Topic: Herman Cain

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  • Mitt Romney's 15 percent tax rate: How does it compare to Obama or Perry?

    Mitt Romney said Tuesday his tax rate is about 15 percent of his income. Barack and Michelle Obama paid 25 percent.

  • Jon Huntsman set to drop out, back Romney. Will it make a difference?

    Given the nature of Republican primary voting, moderate GOP candidate Jon Huntsman was a long shot from the beginning. He's set to endorse Mitt Romney, although it's unclear how much difference that will make in a race for the nomination that already favors Romney.

  • The Monitor's View And the winner in Iowa is ... baby-kissing retail politics

    Santorum's near-win over well-monied Romney is a victory for face-to-face campaigning – even democracy itself – as well as small-state presidential contests.

  • Despite Ron Paul surge, tea party hopes on the ropes in Iowa

    Despite Ron Paul surge, tea party hopes on the ropes in Iowa

    As tea party support splinters along more traditional political lines, polls show that hopes for nominating a conservative outsider who embodies constitutional ideals have withered. The question now is whether tea partiers will embrace a more conventional presidential nominee.

  • Election 101: How an Iowa GOP caucus works

    Election 101: How an Iowa GOP caucus works

    Contrary to popular belief, the Iowa caucuses are not a part of the state populated by Georgians, Armenians, and Azerbaijanis. Sorry, bad pun. (See Caucasus, a region of Eurasia.) But there is some confusion about what the Iowa caucuses are, exactly. So in a few easy steps, let us explain what will happen in the Hawkeye State the evening of Jan. 3 – the first presidential nominating contest of the season.

  • A year of oops: five big political gaffes of 2011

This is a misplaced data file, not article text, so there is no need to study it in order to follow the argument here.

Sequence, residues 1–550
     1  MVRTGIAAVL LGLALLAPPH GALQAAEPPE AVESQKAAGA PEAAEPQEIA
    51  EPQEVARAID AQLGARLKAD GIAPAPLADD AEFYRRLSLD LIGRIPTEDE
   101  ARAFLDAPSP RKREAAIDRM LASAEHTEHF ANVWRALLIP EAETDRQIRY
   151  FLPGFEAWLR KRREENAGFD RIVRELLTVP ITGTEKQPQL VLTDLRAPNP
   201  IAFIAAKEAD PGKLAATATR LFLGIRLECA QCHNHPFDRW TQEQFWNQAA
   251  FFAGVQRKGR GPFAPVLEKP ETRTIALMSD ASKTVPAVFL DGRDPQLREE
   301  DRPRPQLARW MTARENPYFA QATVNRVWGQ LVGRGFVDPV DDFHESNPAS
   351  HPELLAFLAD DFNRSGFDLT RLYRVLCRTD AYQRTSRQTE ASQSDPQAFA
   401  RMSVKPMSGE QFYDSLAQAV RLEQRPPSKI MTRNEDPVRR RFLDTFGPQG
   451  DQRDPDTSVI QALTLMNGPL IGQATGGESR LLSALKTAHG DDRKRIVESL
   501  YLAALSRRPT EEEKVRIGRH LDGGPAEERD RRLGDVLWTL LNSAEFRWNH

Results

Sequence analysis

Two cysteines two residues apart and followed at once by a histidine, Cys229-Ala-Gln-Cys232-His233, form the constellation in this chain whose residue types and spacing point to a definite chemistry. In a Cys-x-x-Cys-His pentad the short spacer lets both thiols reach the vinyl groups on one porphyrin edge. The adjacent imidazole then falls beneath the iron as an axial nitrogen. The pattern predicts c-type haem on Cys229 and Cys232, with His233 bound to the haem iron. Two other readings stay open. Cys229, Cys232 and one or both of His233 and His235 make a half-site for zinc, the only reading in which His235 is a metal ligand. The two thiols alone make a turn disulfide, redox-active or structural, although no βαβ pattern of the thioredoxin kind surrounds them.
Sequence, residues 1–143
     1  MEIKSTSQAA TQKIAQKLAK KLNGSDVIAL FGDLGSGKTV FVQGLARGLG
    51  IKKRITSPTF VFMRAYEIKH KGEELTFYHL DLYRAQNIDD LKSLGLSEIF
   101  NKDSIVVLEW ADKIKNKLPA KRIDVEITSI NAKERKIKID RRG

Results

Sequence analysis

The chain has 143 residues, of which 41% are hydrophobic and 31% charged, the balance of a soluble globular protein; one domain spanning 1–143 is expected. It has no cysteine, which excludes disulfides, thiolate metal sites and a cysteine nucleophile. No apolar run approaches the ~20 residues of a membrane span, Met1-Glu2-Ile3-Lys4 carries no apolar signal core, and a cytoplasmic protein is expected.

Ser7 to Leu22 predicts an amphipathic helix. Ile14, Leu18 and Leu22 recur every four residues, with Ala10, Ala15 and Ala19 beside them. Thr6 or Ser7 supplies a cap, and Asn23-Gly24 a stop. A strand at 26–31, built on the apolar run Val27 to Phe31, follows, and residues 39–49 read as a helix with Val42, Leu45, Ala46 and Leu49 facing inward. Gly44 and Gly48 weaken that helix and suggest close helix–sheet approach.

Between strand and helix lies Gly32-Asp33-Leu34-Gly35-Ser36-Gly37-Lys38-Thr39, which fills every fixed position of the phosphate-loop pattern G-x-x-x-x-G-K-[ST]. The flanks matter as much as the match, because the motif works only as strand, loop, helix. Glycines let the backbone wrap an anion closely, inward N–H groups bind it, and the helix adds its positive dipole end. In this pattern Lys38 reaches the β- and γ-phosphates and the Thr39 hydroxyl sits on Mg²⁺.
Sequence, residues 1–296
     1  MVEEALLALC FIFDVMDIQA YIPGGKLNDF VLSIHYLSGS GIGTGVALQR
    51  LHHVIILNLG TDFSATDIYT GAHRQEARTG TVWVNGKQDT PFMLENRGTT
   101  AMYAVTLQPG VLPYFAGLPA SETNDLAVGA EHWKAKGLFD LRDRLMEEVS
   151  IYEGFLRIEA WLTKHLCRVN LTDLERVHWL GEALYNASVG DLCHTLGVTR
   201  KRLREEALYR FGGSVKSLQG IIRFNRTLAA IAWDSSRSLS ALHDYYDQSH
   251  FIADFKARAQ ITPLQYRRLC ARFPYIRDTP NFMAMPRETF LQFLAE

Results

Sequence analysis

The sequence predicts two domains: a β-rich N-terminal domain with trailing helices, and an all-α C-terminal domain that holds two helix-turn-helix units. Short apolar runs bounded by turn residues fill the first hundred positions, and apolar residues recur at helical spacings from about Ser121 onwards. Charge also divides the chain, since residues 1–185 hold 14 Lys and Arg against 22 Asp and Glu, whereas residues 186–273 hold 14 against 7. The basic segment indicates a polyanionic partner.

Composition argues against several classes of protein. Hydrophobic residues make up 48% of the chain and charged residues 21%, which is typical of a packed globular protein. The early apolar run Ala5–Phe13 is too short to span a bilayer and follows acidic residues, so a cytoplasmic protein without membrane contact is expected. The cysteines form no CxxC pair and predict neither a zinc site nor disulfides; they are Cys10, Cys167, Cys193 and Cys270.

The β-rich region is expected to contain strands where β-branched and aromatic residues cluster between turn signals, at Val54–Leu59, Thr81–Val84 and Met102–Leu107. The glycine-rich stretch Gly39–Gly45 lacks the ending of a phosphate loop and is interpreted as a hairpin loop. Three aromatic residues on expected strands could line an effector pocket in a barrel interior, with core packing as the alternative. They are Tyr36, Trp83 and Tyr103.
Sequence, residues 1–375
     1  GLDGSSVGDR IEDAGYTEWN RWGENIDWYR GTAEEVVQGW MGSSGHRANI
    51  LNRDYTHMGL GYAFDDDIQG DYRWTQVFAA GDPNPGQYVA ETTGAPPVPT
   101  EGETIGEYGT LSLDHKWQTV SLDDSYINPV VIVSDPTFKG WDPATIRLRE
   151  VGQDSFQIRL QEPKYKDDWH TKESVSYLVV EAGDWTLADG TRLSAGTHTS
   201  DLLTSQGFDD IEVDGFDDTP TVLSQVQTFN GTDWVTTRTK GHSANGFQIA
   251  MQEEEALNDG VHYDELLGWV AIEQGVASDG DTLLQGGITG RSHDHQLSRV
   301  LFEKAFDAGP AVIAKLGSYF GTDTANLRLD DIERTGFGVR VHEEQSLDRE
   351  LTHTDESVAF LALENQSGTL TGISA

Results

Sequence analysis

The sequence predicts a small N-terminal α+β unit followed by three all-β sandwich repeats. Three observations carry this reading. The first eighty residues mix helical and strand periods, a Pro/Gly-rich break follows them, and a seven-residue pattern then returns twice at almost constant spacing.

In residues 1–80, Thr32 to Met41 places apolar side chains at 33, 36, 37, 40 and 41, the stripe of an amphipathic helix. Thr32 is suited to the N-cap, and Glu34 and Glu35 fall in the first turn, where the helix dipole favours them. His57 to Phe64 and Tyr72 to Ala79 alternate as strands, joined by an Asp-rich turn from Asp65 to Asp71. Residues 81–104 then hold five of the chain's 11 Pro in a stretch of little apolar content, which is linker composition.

A year of oops: five big political gaffes of 2011

    There’s nothing like a presidential campaign cycle to bring out big political gaffes – at times injecting doubt about candidates, but also offering some much-needed comic relief and glimpses of humanity. 2011 had some doozies, and some of the most memorable actually weren’t on the campaign trail. GOP presidential candidate Michele Bachmann, who said the “shot heard round the world” was fired in New Hampshire (correct answer: Massachusetts), nailed the politicians’ dilemma perfectly: "People can make mistakes, and I wish I could be perfect every time I say something, but I can't." Here are five of the biggest political “uh-ohs” of 2011:

  • Could Romney 'train' be derailed by Gingrich? Perry? Someone new?

    The Vote Could Romney 'train' be derailed by Gingrich? Perry? Someone new?

    The word 'inevitable' is getting tossed around these days when it comes to Mitt Romney and the GOP nomination. But Newt Gingrich remains a real rival, and it's even still possible for a newcomer to enter the contest.

  • In GOP race, Iowa and New Hampshire aren't what they used to be

    In GOP race, Iowa and New Hampshire aren't what they used to be

    Iowa still goes first in the presidential nominating contests, followed by New Hampshire. But voters there have lost their outsized influence in personally sizing up nominees, as televised debates and social media take precedence. 

  • Racist newsletters put Ron Paul on the defensive for first time

    Racist newsletters put Ron Paul on the defensive for first time

    Long-ago Ron Paul newsletters are getting attention for their inclusion of slurs against black Americans. The Texas congressman is also taking fire for his foreign policy views.

  • Gingrich rise and fall: A question of decency?

    Walter Rodgers Gingrich rise and fall: A question of decency?

    Newt Gingrich’s earlier spike in the polls, and Republican voters' enduring wariness of ‘Mr. Clean’ Romney, raise the question: How is it that voters loathe Obama, with a personal history of high moral standing and liberal policies, while supporting a conservative with a history of immorality?